Ecological monitoring

HOBO temperature and relative humidity logger
HOBO temperature and relative humidity logger

Savanna chimpanzee study sites are characterised by their extreme seasonality and conditions. Consequently, we have been actively monitoring the physical environment of the core area since 2008, with temperature, rain, wind, and humidity loggers deployed across the study area.  These sensors, deployed across vegetation types and topographical levels, reveal not only seasonality differences, but also inter-annual climate patterns over prolonged periods. Additionally, phenology transects are walked monthly to monitor leafing and fruiting patterns of over 1000 trees. These data are also used to investigate chimpanzee nesting, habitat use, and vocalisation behaviour, and red-tailed monkey ranging patterns.

Anton Seimon, Salvi Asedi, and Shedrack Lukas of UPP at the new weather station (May 2017, credit: A. Henderson)

In May 2017, Anton Seimon of Appalachian State University and Wildlife Conservation Society, installed an Onset RX3000 weather station equipped with cellular connectivity that allows access by our team and all other interested parties via a dedicated website. Our weather station will become part of a network covering important conservation regions of the East African Great Lakes region.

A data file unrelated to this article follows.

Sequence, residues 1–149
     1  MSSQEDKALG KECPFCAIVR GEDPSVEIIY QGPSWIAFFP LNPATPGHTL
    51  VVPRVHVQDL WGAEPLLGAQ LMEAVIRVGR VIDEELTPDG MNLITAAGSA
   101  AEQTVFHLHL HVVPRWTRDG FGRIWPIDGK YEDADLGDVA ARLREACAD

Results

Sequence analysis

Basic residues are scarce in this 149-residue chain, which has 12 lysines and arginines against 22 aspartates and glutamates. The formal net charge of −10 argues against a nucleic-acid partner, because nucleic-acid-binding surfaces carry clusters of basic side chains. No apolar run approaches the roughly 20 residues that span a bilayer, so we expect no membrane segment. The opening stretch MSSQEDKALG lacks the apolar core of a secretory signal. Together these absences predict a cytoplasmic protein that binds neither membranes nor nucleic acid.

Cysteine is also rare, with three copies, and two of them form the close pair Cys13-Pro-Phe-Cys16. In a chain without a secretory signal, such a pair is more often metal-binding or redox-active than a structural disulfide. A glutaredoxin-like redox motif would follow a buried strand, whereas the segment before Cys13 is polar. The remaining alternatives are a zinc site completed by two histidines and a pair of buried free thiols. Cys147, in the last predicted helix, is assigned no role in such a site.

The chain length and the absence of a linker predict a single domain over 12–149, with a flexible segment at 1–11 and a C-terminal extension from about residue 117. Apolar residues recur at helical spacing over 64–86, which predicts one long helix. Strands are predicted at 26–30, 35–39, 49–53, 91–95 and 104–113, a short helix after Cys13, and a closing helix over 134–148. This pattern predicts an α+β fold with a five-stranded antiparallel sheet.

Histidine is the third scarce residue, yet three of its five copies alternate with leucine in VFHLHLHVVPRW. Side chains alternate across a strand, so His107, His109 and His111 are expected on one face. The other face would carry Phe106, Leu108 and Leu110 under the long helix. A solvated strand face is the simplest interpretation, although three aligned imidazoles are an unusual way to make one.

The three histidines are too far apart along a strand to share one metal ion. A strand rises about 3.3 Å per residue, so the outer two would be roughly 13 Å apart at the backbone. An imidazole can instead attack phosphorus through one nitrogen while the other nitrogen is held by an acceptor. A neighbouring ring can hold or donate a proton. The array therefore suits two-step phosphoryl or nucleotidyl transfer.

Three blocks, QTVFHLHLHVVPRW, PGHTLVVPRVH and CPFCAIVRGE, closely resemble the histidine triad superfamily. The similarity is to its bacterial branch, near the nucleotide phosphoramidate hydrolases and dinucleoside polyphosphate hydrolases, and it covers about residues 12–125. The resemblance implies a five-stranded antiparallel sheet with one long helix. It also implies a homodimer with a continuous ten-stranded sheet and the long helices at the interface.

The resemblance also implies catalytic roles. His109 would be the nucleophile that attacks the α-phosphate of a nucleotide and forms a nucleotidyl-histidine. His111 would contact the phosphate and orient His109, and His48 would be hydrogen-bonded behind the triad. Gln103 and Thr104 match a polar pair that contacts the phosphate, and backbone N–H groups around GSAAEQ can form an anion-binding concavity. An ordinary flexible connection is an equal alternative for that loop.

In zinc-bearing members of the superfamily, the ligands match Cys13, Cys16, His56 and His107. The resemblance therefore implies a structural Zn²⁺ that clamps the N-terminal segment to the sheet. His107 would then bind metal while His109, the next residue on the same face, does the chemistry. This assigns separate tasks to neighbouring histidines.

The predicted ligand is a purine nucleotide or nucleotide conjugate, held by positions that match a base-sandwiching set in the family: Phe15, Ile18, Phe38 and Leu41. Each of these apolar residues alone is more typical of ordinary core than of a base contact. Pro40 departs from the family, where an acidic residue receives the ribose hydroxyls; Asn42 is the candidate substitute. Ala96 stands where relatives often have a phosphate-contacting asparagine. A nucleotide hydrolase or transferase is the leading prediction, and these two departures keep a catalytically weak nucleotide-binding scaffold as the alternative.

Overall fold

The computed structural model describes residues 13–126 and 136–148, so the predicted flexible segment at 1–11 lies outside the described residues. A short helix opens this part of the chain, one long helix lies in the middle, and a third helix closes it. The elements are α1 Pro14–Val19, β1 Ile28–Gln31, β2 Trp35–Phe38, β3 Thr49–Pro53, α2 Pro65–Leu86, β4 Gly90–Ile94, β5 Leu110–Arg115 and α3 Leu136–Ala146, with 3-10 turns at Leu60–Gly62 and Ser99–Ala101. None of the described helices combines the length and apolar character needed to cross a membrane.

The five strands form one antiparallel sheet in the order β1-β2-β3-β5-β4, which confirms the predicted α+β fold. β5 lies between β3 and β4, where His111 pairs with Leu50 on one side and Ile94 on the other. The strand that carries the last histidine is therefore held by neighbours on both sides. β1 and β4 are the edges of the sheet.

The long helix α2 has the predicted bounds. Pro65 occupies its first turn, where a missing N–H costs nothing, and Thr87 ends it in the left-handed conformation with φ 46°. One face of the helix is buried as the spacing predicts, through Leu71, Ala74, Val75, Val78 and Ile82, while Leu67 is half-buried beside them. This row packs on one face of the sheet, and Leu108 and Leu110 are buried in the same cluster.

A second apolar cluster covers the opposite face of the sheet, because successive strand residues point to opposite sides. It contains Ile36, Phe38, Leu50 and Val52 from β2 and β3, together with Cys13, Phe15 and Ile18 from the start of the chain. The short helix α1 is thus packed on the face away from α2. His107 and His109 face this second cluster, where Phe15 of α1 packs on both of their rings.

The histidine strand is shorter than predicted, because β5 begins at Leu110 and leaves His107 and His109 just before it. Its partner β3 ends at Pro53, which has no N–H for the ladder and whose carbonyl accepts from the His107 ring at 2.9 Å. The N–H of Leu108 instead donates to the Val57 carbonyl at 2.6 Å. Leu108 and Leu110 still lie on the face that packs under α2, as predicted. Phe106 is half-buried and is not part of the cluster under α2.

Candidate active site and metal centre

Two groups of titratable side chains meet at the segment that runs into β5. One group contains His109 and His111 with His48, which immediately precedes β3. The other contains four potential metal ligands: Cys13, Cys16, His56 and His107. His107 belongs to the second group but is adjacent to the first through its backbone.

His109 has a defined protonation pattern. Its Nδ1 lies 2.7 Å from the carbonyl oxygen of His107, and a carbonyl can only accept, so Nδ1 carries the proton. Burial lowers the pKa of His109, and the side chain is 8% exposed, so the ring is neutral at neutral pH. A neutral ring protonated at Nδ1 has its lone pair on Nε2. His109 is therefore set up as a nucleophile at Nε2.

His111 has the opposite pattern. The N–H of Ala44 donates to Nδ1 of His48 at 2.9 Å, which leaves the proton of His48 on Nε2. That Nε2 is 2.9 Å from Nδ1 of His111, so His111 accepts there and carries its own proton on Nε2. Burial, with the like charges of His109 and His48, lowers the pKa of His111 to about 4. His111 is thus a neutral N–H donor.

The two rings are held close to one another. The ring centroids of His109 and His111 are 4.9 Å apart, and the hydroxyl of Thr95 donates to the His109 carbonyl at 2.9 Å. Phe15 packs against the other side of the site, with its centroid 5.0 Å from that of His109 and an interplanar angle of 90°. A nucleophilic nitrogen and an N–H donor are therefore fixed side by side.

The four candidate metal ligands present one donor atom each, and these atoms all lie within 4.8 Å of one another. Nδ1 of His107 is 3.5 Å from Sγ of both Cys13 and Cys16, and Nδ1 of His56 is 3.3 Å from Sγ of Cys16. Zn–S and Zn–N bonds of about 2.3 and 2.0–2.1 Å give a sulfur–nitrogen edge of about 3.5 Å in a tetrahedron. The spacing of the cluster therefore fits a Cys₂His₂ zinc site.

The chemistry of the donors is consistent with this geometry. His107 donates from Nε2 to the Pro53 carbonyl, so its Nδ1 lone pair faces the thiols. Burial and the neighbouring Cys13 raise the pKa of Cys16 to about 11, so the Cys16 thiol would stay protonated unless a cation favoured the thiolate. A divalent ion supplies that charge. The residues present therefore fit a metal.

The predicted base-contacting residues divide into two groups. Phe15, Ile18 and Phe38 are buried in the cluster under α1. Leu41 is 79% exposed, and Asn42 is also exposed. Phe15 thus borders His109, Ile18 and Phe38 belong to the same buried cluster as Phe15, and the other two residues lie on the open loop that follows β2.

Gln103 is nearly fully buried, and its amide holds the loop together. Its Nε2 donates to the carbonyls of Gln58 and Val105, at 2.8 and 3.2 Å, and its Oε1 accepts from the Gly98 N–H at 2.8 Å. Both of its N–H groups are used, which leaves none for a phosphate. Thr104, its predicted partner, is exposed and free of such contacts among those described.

Mean temp - Gallery
Mean monthly inter-annual temperatures – Gallery forest (2010-2016)

 

 

 

Mean temp - Miombo
Mean monthly inter-annual temperatures – Miombo woodland (2010-2016)

 

Phenology

Gallery forest (Credit: E. McLester)

 

Since 2008 we have also monitored phenological changes in >1000 woodland and gallery forest trees across the primary study area, each which has an individually unique metal tree tag. These monthly walks  include not only productivity stage of the tree (leaves, fruits, flowers), but also DBH (see below).   Data from this monitoring informs on food availability for the area’s wildlife, but also allows us to look at inter-annual fluctuations in tree productivity, especially in relation to rainfall and longer term climate change.

Each tree has an individually specific metal tag (credit: L. Hambrecht)
DBH being measured (credit: L. Hambrecht)
DBH being recorded (credit: L. Hambrecht)
Yahya Abeid (botanist) teaches visiting professor Antje Engelhardt (LJMU) tree identifications (credit: L. Hambrecht)